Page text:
South African President Cypril Ramaphosa last week said the restrictions punish the very people and governments that have helped inform the world of a new variant of the coronavirus
Travel restrictions imposed on countries in southern Africa – where Omicron was first identified – by dozens of countries, including the United States and Britain, are being called “travel apartheid.”
This, even if the latest variant regarding transmissibility and its ability to evade immunity is poorly understood and with Africa continuing to have some of the lowest COVID-19 vaccination rates in the world due to ‘lack of access to doses.
But who coined the term travel apartheid? What did world leaders say? And what do experts say about such restrictions?
Let’s take a quick look at this:
Who coined the term?
The term “travel apartheid” was first used by United Nations Secretary-General Antonio Guterres, who said travel restrictions imposed on COVID-19 that isolate a country or region as “not only deeply unjust and punitive – they are ineffective ”.
Speaking to reporters in New York City, Guterres said the only way to reduce the risk of transmission while allowing travel and economic engagement was to repeatedly test travelers, “along with other appropriate measures and really effective “.
“We have the tools to travel safely. Let us use these instruments to avoid this kind of, let me say, travel apartheid, which I think is unacceptable, ”Guterres said.
Guterres has long warned of the dangers of vaccine inequality around the world and that low immunization rates are “fertile ground for variants.”
Which leaders have criticized the travel restrictions?
Nigeria denounced UK travel restrictions on Monday after being placed on the redlist over fears over the Omicron COVID-19 variant.
“What is expected is a holistic approach, not a selective one,” said Sarafa Tunji Isola, Nigeria’s high commissioner to the UK. BBC.
“The travel ban is apartheid in the sense that we are not dealing with an endemic,” Isola said. “We are dealing with a pandemic. Whenever we have a challenge, there has to be collaboration. “
“These travel bans are not justified,” African Union Commission Chairman Moussa Faki Mahamat said at the joint press conference with Guterres after the annual meeting between the United Nations and the African Union .
Last week South African President Cypril Ramaphosa, speaking at the Dakar International Peace and Security Forum, said the restrictions punished the very people and governments who helped inform the world of a new variant of the coronavirus.
“When South African scientists discovered Omicron… they immediately took responsibility for informing the world, the whole world, that a new variant was emerging. And what is the result? ” Ramaphosa asked, responding that it was a punishment.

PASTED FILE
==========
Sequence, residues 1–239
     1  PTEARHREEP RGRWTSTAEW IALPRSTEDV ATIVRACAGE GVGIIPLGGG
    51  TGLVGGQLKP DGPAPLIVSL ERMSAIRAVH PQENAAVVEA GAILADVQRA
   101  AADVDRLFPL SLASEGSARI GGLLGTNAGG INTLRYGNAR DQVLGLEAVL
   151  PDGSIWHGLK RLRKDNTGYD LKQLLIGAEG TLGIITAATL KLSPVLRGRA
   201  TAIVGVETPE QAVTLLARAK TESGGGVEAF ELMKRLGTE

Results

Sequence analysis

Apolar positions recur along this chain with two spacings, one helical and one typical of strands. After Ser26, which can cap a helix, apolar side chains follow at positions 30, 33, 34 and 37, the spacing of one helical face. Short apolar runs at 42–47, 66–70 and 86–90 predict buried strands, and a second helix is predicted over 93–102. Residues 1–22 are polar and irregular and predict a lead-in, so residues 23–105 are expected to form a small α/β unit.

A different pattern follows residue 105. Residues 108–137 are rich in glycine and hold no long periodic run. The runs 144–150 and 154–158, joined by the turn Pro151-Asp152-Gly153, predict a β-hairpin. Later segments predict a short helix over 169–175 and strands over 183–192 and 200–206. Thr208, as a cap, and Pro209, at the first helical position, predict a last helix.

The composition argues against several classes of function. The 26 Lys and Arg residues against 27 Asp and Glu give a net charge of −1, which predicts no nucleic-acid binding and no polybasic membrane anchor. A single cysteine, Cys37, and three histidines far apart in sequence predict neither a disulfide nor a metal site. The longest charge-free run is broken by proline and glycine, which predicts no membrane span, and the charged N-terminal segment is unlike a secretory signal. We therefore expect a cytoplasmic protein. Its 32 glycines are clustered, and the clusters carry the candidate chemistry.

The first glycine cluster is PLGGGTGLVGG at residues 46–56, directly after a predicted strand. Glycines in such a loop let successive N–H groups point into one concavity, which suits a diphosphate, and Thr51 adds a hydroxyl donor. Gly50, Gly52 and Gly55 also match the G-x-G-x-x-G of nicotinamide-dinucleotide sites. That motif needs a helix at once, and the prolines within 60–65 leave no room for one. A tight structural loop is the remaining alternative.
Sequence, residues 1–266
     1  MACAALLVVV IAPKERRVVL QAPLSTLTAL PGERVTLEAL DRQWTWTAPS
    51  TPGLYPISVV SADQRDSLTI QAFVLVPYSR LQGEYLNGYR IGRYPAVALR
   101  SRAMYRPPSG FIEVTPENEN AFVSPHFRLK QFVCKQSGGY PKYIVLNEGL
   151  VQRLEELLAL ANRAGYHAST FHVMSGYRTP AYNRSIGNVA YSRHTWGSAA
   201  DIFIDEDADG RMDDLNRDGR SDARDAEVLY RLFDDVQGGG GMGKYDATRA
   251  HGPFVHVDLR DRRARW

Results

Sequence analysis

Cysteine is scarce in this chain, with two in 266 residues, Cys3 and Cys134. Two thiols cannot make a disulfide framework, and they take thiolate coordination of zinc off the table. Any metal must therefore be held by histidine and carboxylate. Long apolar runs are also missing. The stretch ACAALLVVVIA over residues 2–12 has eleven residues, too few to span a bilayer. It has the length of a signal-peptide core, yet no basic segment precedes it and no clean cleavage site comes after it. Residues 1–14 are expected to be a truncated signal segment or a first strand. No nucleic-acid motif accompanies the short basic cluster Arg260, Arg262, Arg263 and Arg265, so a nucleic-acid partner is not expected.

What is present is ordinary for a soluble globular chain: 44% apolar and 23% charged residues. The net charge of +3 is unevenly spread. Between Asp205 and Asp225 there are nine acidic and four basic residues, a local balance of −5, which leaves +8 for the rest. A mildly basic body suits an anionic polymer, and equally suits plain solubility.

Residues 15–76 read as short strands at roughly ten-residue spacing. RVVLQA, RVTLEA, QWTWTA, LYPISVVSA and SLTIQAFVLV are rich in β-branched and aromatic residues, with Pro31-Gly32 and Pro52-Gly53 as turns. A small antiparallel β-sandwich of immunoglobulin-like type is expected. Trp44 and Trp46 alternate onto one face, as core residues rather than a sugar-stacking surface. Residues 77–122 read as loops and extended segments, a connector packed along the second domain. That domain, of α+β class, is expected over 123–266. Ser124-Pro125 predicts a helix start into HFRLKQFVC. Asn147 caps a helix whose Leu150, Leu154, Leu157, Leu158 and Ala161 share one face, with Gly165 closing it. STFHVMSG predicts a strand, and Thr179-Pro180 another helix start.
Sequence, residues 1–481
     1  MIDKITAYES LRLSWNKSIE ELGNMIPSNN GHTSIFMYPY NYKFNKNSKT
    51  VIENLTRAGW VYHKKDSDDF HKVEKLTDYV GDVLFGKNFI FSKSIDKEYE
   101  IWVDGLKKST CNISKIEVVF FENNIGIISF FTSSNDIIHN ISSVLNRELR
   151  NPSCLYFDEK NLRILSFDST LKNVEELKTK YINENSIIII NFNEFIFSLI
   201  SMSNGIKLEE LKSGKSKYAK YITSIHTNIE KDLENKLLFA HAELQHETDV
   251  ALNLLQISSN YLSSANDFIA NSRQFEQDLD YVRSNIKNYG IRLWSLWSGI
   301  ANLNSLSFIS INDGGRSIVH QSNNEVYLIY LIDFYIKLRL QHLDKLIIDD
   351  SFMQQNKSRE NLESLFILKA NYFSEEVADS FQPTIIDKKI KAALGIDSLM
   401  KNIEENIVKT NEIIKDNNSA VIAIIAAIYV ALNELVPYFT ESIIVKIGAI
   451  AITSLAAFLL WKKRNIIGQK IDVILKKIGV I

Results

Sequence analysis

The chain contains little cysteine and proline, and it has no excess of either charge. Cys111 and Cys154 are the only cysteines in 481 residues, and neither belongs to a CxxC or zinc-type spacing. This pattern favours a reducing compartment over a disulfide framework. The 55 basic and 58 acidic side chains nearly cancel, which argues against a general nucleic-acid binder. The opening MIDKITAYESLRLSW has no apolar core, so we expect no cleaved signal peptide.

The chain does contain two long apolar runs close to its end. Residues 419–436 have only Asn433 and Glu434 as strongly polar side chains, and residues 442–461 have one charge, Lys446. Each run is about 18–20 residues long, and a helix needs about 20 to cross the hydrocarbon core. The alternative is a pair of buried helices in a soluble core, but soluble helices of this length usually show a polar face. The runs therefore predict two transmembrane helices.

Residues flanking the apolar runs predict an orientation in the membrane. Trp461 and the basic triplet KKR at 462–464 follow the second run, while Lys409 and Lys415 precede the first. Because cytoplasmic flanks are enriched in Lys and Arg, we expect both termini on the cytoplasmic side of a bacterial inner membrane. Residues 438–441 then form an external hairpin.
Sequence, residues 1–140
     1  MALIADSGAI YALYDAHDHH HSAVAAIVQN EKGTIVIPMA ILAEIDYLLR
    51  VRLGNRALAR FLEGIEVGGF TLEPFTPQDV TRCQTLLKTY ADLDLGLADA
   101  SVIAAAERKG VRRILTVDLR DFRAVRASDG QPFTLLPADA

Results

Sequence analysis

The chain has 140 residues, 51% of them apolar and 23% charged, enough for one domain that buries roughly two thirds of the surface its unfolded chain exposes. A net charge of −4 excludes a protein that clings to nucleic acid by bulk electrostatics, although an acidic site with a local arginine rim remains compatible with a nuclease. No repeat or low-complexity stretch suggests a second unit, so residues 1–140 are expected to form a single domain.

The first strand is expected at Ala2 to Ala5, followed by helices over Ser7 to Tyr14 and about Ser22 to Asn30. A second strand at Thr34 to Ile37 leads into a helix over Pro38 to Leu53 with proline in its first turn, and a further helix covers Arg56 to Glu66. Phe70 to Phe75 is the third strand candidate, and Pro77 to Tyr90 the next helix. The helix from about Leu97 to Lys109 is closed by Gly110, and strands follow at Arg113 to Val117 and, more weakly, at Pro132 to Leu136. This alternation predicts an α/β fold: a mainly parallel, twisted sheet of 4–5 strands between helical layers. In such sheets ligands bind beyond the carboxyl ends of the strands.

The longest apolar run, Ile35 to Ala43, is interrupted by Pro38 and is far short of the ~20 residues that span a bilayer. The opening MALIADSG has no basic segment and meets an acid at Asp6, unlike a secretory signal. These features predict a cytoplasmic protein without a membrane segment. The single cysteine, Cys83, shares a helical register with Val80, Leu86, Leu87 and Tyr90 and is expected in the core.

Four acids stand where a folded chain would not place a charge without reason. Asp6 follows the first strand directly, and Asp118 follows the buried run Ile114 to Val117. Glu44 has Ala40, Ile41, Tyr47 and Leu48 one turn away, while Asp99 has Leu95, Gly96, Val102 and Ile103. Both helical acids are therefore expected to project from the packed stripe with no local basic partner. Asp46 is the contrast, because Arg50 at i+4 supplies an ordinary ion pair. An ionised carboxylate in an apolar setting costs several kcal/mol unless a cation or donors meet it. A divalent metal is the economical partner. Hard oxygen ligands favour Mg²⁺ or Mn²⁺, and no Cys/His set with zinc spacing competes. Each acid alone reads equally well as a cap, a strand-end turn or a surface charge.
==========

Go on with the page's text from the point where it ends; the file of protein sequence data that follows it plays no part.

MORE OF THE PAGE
Ramaphosa further denounced the bans as “hypocritical, harsh and unsupported by science”.
“We say these bans must be lifted with immediate effect,” he said.
Senegalese President Macky Sall, at the same event, underlined the importance of international solidarity in this period of uncertainty.
“The emergence of a new variant in several countries reminds us that we are all exposed … and in a state which commits us to be resilient, determined and combative if necessary in the face of the misdeeds of a dual health and economic regime. crisis, ”he said, noting that Africa is also“ particularly vulnerable to climate change, the intensification of terrorist attacks and the resurgence of coups d’état. The urgency is there.
Sall said that no government, nation or individual continent can provide collective security, only international solidarity. “Environmental and health sectors, organized crime, hacking, cybercrime, migration and all other cross-border challenges, no country can tackle it alone,” said Sall. “This means that peace and security in Africa is an integral part of peace and security in the world. “
Malawi President Lazarus Chakwera wrote on Facebook: “COVID measures must be based on science, not afrophobia. “
What the experts say
According to The GuardianWHO COVID-19 technical officer Maria Van Kerkhove said travel bans had limited the ability of South African researchers to ship virus samples out of the country. “We don’t want countries to be penalized for sharing information, because that’s how WHO and our partners do assessments and provide advice,” she said.
Dr Saumitra Das, director of the National Institute of Biomedical Genomics, said India today the Indian government must make political decisions to restrict the spread of the Omicron variant, but closing the borders is not a solution.
Shabir A Madhi, professor of vaccinology at the University of the Witwatersrand in South Africa, told the outlet that imposing travel bans is a “naive” solution.
Talk to BBCUK Government Minister Kit Malthouse said the wording “travel apartheid” was “very unfortunate language”.
“We understand the difficulties created by these travel restrictions, but we are trying to buy some time for our scientists to work on the virus and assess how difficult it is going to be,” he told the BBC.
With contributions from agencies